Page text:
How To Execute a Script After a Running Process Completes

Most peo­ple who are famil­iar with Lin­ux, real­ize that there are ways of chain­ing process­es to run one after anoth­er. Typ­i­cal­ly this is done by writ­ing a script, or using && to daisy chain addi­tion­al com­mands on com­mand line.

There is, how­ev­er, anoth­er way to do this; if you’ve already issued a com­mand and want to add anoth­er com­mand after the orig­i­nal has already start­ed. This is espe­cial­ly use­ful if you’re unzip­ping, say a 15 giga­byte data­base dump, and you want to make sure that the import hap­pens imme­di­ate­ly after the import is com­plete.

Here’s an exam­ple of what would hap­pen if I were enter­ing the com­mands man­u­al­ly.

Macintosh:~ chriscase$ scp user@hostname.com:archive/database.sql.gz .
Macintosh:~ chriscase$ gunzip database.sql.gz
Macintosh:~ chriscase$ mysql -u dbusername -pdbpassword dbname < database.sql

Since I’m not going to stay glued to the con­sole for the entire dura­tion of this process, I either need to write a script or fig­ure out anoth­er tech­nique, so I keep things mov­ing along.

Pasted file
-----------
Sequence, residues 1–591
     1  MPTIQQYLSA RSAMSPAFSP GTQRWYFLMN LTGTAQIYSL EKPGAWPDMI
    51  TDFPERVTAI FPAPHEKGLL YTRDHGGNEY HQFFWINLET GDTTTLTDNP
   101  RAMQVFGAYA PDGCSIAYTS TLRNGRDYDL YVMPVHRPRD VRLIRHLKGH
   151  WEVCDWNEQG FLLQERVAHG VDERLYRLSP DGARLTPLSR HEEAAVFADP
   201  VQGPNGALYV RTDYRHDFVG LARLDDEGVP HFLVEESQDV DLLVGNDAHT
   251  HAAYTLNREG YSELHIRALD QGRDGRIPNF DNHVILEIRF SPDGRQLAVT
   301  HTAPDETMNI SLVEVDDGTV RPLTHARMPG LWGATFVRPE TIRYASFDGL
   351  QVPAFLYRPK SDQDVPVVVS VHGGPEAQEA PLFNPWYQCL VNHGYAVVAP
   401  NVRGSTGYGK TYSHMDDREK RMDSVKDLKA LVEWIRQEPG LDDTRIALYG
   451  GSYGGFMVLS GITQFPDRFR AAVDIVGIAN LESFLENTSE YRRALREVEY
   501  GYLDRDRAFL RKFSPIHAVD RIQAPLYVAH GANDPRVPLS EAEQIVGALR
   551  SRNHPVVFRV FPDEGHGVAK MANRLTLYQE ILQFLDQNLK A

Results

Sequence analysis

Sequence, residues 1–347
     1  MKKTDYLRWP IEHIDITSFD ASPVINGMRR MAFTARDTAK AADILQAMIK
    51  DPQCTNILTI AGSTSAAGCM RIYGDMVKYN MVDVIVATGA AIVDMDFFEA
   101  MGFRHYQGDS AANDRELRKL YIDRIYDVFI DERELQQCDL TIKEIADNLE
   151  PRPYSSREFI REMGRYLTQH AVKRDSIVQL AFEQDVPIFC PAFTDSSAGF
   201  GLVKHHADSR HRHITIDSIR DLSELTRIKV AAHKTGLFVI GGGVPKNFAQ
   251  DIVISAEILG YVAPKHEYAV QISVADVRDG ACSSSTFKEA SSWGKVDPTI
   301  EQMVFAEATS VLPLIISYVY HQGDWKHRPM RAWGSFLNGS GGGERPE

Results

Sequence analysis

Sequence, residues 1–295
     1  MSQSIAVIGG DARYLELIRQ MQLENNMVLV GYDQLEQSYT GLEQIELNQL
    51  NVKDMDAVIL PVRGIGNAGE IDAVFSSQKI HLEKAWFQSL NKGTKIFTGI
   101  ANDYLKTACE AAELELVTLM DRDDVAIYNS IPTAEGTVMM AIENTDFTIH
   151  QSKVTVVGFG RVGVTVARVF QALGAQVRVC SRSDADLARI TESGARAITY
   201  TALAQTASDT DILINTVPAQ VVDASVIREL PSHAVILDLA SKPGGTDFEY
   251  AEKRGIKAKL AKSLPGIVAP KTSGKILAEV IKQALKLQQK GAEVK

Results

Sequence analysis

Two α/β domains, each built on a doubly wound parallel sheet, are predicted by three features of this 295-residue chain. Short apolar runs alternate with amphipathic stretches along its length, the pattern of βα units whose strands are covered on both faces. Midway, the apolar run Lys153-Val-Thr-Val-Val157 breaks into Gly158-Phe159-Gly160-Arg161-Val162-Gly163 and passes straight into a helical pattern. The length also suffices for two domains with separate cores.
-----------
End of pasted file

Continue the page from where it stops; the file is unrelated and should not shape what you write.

As it turns out, there is a very sim­ple way to accom­plish this, with the com­mand wait. This com­mand has the abil­i­ty to wait until a spec­i­fied process is com­plete before exe­cut­ing a com­mand.

Here’s an exam­ple of how this could be used, if you want­ed to add the last two process­es after the scp from the above exam­ple had already begun.

Macintosh:~ chriscase$ scp user@hostname.com:archive/database.sql.gz .

Once the down­load is kicked off, you can kick it into the back­ground by using [ctrl-z] which will pause the process and then issu­ing the com­mand [bg]. This will put the paused process run­ning into the back­ground. Now, to chain the oth­er process­es after­ward, you can do the fol­low­ing.

Macintosh:~ chriscase$ wait %1 && gunzip database.sql.gz && mysql -u dbusername -pdbpassword dbname < database.sql

The above code will wait to exe­cute until the scp is done, then it will use gzip to unzip the file and mysql to import the data­base dump file. Now that you’ve done this, you can go off and do some­thing else, con­fi­dent that your data­base will be done import­ing in a few hours.